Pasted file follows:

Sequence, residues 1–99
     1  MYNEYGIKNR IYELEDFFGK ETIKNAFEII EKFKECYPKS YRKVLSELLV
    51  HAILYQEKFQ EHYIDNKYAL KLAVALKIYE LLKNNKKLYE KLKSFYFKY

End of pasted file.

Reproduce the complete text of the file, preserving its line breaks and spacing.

Sequence, residues 1–99
     1  MYNEYGIKNR IYELEDFFGK ETIKNAFEII EKFKECYPKS YRKVLSELLV
    51  HAILYQEKFQ EHYIDNKYAL KLAVALKIYE LLKNNKKLYE KLKSFYFKY